The risk for cardiovascular disease may might begin to increase at blood pressure levels well below the currently defined guidelines.
A study in JAMA Cardiology included 1,457 people, average age 58, who were free of cardiovascular disease and otherwise quite healthy — they didn’t smoke and had healthy cholesterol and blood glucose levels, and none were taking cholesterol-lowering or blood pressure medicines. They had average blood pressure readings of 111/68. (The American Heart Association defines hypertension as a blood pressure of 130/80 or higher.)
Overall, the rate of cardiovascular disease in the group was low. But after adjustment for other factors, the researchers found that compared with people with a systolic reading (the top number) of 90 to 99, people with readings of 100 to 109 had three times the risk of cardiovascular disease; those at 110 to 119, 3.1 times the risk; and those at 120 to 129, 4.6 times the risk.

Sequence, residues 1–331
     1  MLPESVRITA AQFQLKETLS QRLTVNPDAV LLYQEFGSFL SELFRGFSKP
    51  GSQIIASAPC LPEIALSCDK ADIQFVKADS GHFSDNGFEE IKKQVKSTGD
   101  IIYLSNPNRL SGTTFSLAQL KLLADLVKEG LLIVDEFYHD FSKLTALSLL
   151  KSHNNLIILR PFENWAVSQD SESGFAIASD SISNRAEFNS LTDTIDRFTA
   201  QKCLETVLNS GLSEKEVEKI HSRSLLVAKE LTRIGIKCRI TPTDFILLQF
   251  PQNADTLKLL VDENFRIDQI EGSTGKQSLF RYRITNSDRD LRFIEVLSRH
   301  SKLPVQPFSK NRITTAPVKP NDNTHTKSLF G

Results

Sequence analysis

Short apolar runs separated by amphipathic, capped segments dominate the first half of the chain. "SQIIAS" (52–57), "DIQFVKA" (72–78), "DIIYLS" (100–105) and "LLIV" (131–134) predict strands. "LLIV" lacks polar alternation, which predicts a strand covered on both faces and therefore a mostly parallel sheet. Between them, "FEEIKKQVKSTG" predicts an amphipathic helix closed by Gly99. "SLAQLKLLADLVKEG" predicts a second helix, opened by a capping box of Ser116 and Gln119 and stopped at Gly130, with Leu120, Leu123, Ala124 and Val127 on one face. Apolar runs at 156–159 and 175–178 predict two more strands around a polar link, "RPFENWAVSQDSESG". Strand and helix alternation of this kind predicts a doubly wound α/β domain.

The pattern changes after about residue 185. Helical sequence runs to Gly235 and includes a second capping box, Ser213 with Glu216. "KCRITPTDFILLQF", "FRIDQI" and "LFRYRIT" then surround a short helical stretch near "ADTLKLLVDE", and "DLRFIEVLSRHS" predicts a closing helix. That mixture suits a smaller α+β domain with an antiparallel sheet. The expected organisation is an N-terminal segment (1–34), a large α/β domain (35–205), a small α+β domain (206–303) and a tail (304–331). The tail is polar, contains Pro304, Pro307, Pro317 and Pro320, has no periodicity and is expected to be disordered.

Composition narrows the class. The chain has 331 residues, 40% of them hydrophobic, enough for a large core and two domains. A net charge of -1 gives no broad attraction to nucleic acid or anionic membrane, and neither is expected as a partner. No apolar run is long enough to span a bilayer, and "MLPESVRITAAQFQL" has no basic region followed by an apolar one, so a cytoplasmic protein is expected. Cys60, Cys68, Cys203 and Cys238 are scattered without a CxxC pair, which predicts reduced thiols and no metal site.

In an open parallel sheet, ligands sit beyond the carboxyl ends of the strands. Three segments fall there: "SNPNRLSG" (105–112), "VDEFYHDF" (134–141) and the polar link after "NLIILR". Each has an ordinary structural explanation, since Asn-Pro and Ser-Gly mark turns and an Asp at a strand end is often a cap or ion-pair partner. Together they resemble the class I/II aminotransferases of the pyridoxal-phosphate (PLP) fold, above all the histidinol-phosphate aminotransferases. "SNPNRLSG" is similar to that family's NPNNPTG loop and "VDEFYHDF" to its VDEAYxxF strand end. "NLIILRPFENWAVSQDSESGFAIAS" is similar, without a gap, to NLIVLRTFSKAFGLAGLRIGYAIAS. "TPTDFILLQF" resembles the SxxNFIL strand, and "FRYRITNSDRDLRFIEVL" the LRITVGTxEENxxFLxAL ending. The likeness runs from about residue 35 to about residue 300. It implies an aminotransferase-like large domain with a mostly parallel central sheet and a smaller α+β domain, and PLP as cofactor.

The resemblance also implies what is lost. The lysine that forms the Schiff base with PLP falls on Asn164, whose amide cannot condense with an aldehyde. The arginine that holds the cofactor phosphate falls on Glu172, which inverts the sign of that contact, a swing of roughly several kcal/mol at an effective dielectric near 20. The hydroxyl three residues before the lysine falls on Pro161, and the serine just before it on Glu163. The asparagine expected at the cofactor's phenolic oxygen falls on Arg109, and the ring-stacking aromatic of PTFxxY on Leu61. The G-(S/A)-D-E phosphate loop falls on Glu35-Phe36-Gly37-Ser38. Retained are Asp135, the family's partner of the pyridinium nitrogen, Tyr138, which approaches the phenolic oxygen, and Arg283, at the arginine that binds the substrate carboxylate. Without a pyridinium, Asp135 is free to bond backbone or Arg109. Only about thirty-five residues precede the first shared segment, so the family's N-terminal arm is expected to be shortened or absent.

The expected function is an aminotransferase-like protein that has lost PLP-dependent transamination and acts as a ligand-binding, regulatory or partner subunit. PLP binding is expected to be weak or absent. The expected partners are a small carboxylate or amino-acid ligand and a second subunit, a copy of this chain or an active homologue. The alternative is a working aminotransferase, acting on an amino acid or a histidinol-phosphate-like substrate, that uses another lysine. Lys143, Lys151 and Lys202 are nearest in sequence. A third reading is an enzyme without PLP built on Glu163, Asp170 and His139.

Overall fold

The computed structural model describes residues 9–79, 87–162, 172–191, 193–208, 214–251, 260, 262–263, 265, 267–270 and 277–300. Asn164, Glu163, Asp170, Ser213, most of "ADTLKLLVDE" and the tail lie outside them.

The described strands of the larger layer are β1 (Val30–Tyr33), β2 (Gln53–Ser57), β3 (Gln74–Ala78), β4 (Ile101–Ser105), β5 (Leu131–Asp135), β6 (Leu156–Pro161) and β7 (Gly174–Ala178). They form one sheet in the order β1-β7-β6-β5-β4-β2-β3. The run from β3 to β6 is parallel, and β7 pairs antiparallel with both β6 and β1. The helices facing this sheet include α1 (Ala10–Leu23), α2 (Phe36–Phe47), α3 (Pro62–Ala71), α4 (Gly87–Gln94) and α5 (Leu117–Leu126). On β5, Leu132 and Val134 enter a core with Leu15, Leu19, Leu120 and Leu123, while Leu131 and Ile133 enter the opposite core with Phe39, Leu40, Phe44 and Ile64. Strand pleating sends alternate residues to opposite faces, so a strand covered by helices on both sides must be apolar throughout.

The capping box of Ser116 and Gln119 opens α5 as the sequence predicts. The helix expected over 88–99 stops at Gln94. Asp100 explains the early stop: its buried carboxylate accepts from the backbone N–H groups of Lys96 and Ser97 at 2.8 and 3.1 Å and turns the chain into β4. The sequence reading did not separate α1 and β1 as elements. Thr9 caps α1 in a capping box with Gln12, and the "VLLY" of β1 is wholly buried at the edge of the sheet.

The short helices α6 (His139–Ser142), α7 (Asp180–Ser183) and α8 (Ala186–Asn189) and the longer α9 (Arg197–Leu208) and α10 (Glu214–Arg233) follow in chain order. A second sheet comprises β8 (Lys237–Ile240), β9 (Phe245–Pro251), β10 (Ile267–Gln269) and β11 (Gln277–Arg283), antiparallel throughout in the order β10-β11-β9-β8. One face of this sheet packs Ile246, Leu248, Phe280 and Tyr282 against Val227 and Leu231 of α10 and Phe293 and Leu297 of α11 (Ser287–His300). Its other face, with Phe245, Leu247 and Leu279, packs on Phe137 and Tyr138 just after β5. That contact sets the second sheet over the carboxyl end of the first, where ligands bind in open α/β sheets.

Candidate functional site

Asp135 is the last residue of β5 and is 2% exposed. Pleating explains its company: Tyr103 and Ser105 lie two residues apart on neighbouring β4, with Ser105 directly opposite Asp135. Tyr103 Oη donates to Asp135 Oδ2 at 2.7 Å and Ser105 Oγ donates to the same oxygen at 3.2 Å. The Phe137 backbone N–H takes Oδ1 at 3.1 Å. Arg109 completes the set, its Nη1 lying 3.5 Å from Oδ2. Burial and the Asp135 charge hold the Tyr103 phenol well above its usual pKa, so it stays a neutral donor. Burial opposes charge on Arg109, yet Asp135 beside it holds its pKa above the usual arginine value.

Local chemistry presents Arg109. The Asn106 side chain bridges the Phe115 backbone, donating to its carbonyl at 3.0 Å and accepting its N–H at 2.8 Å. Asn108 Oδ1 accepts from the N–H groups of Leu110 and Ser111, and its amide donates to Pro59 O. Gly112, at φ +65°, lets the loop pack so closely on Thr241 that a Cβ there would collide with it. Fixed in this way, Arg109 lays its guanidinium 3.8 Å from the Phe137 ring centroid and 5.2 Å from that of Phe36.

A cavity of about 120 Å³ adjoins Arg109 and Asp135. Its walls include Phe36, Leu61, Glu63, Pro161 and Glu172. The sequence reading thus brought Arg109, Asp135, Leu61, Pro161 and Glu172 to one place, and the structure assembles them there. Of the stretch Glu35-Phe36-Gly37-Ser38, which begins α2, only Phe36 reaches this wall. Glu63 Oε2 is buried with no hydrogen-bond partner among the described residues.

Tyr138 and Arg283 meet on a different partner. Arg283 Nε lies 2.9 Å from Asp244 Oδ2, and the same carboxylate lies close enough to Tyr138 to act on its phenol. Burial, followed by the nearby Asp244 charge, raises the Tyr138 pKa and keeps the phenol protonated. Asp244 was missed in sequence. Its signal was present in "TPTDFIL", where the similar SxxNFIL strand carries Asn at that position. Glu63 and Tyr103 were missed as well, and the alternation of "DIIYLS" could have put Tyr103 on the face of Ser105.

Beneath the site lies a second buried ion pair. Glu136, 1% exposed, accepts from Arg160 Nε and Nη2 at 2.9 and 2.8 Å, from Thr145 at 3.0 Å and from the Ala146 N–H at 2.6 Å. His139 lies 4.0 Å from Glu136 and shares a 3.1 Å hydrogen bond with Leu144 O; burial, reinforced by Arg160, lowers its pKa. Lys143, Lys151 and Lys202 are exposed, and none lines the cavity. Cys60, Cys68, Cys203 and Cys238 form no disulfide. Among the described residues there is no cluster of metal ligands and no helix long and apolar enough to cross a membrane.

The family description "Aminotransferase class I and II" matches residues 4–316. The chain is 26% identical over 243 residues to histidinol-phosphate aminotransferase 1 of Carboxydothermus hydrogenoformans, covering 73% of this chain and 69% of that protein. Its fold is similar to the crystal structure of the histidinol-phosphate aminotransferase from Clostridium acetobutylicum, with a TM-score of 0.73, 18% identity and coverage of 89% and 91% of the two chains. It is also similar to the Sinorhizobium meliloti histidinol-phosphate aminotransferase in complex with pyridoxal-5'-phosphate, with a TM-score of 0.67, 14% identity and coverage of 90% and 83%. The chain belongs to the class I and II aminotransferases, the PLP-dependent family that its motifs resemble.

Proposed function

“We’re not recommending that people get treated at these levels,” said the lead author, Dr. Seamus P. Whelton, an assistant professor of medicine at Johns Hopkins. “But the risk starts to increase, even in healthy people, at these low levels.”
Both doctors and patients have come to think that it is normal for blood pressure to increase with age, he added, “but it’s not. What this tells us is that even if you have a normal blood pressure, you still want to focus on healthy diet and exercise.”